Muslim Voices — Sohaib Sultan
0:00:06:>>MANAF BASHIR: Welcome to Muslim Voices. I'm your host Manaf Bashir. It's not difficult to find misunderstandings about Islam. A Google search uncovers page after page of misinformation about the faith. Like any religion, there are facets to Islam. People may practice in different ways. But the core beliefs of Islam are the same no matter where or who you are. To learn just what Muslims believe, producer Rosemary Pennington spoke with the Princeton University Chaplain Sohaib Sultan.
0:00:40:>>ROSEMARY PENNINGTON : Sohaib Sultan has worked on university campuses and done public outreach for years. No question asked about Islam surprises him anymore.
0:00:49:>>SOHAIB SULTAN: My general experience is that people ask questions truly wanting to know and they don't ask it out of wanting to offend or anything like that. But now I've received so many questions, no question really catches me off guard.
0:01:02:>>ROSEMARY PENNINGTON : Sultan is a Muslim chaplain at Princeton University, as well as the author of two books - "The Quran For Dummies" and "The Quran and sayings of Prophet Mohammed." Sultan says there are six core beliefs in Islam but the one that defines the faith is the belief in the oneness of God.
0:01:21:>>SOHAIB SULTAN: That's sort of at the foundation of all of Islam. When it comes to Islamic spirituality, the oneness of God is essential. When it comes to ethics, the oneness of God is essential. So I would pick that out as being the entire message of the Quran really if you think about it. And then to message of Islam that there is no God but God. There's no deity worthy of worship except the one God.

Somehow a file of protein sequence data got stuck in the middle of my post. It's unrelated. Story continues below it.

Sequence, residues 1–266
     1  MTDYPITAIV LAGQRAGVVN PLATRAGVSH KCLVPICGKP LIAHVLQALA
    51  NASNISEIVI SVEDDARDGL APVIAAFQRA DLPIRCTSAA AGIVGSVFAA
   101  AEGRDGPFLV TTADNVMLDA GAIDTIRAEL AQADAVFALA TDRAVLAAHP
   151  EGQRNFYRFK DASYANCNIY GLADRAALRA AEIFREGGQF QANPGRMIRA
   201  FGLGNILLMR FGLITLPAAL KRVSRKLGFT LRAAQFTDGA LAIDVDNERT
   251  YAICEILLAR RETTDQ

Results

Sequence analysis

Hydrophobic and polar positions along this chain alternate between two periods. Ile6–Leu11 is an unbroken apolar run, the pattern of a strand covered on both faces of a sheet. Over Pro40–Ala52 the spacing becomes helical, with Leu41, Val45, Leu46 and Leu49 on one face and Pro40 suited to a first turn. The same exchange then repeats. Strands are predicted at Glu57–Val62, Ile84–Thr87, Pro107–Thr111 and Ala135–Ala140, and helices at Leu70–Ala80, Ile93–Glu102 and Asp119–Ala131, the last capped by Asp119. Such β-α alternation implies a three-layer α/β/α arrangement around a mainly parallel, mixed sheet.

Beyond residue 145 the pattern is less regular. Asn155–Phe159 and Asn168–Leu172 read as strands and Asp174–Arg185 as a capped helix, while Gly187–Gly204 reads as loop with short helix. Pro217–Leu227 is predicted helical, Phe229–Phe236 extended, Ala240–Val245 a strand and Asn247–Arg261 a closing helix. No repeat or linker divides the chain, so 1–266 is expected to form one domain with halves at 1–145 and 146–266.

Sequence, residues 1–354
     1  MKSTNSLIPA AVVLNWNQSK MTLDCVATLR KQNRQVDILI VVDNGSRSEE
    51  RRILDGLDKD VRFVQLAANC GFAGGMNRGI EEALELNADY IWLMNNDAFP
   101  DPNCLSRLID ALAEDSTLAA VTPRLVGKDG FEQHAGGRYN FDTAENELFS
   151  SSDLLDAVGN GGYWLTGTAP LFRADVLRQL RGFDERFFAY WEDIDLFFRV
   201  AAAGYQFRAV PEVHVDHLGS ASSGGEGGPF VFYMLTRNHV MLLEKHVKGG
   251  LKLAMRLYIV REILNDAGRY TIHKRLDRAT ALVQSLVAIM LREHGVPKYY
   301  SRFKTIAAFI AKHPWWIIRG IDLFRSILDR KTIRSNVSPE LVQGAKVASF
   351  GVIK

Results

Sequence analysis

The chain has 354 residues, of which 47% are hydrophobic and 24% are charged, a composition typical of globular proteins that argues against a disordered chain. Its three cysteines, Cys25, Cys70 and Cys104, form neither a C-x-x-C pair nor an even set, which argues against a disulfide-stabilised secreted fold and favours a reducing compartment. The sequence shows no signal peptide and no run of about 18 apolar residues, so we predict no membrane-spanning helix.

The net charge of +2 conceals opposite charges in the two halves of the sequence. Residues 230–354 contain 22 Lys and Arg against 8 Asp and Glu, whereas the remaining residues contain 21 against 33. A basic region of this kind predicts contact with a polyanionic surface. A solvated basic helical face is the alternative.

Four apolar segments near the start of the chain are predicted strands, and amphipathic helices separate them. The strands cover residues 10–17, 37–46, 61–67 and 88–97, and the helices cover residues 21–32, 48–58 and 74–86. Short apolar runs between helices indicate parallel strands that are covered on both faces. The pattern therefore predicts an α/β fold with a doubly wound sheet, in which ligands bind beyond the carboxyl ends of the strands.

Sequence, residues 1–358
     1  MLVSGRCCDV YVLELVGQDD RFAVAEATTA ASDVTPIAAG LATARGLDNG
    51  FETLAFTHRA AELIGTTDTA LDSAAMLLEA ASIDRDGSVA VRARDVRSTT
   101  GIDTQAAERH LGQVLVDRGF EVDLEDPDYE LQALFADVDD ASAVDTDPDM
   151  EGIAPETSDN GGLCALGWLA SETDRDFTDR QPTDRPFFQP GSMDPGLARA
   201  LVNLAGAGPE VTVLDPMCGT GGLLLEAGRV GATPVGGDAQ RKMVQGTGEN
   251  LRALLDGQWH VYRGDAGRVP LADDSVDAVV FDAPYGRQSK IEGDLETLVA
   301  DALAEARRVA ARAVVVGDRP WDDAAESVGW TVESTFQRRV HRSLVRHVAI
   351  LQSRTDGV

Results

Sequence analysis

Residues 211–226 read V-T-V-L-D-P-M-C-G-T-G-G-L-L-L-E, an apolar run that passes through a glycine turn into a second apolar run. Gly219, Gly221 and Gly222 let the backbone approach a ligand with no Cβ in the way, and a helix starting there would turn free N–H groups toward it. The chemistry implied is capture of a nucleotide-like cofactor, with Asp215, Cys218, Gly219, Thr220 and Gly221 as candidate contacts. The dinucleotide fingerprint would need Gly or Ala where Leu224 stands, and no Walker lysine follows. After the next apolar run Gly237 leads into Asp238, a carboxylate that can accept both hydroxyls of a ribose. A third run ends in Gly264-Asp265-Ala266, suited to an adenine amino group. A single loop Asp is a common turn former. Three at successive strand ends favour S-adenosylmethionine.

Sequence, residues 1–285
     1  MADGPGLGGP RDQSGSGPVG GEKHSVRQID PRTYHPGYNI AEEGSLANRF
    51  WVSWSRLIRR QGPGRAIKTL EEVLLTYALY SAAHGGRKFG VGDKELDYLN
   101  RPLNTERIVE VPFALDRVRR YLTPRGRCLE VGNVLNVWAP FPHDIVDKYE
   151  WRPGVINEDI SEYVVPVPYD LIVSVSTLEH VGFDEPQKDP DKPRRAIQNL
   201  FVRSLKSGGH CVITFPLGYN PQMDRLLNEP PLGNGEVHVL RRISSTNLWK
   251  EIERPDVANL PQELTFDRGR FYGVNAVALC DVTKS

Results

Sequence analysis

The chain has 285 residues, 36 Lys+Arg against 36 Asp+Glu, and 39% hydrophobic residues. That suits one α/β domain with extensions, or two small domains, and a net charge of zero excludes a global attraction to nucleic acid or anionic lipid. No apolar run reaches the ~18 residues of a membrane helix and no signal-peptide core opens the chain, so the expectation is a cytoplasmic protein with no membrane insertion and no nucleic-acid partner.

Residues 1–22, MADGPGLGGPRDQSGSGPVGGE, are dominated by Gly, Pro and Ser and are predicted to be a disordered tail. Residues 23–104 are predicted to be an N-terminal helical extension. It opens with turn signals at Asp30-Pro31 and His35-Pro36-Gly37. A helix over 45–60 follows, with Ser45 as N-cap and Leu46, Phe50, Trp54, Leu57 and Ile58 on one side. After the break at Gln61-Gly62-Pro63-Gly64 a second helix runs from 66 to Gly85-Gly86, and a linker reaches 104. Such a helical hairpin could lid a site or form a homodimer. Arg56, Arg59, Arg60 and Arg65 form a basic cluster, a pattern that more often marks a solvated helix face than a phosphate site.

0:01:42:>>ROSEMARY PENNINGTON : He says there seems to be a lot of confusion over Allah in the minds of some outside Islam. Sultan says there are even those who think Allah is a pagan Moon god, which is not the case. He says Allah is simply the one God and was never anything else. Confusion over Allah is far from the only misperception of the faith. Probably the most widely held, Sultan says, is the idea that jihad equals holy war.
0:02:11:>>SOHAIB SULTAN: We know that there's a great misperception around the concept of jihad. The idea that jihad is this, you know, wanton violence, that it's vigilante, kidnapping, and bombing and so on so forth. Whereas, Jihad just means to struggle. It means to struggle in the path of God and just takes many, many different forms. Anything from building a soup kitchen to, you know, raising a family, this is all part of a struggle to attain the good pleasure of God.
0:02:38:>>ROSEMARY PENNINGTON : That's not to say jihad can't entail armed conflict. But, Sultan says, it's a defensive measure, not an offensive one. A jihad that only a state or government can perform. And he adds jihad should never be used as a defense of terrorism. Sultan says that kind of vigilantism is not condoned anywhere in Islam. Which brings Sultan to the one thing he hopes people will understand about Islam if they understand nothing else, that the faith is one based on peace.
0:03:13:>>SOHAIB SULTAN: Islam is about creating the internal peace with God. And it's about creating a system - a social system that allows people to live in safety, and security and peace. And this is what the vision of Islam is all about. This is what the ideal of Islam is all about.
0:03:30:>>ROSEMARY PENNINGTON : Sultan says that message can get lost. But, he says, he feels certain if people dig deep, if they look past the stereotypes of Muslims and Islam, they'll see the faith for what it really is. I'm Rosemary Pennington.
0:03:52:>>MANAF BASHIR: Sohaib Sultan talking about what Muslims believe. The Princeton University Chaplain is the author of "The Quran for Dummies," he's also an Indiana University alum. This has been Muslim Voices, a production of voices and visions in partnership with WFIU public media from Indiana University. Support for Muslim Voices comes from the Social Science Research Council. You can subscribe to our podcast in iTunes or join the discussion on our website. Find us online at MuslimVoices.org.